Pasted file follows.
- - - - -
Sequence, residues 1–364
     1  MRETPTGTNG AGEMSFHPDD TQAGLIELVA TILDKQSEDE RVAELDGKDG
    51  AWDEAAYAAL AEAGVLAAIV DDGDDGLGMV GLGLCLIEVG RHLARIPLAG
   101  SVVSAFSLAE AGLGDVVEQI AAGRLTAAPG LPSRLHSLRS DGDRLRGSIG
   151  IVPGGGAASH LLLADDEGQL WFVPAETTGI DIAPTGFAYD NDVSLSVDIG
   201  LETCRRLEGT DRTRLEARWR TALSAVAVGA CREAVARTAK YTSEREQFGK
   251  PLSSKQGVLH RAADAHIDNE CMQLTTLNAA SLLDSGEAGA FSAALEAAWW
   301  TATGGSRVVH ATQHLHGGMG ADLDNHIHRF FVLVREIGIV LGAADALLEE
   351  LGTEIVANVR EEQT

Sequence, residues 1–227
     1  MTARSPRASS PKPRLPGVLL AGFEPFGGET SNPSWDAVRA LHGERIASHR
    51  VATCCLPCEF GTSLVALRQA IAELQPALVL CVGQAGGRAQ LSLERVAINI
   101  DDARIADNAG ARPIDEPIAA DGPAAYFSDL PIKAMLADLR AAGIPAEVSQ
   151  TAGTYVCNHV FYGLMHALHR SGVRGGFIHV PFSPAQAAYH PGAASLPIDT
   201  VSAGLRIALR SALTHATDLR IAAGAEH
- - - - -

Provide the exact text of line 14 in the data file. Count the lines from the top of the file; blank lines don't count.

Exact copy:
   151  TAGTYVCNHV FYGLMHALHR SGVRGGFIHV PFSPAQAAYH PGAASLPIDT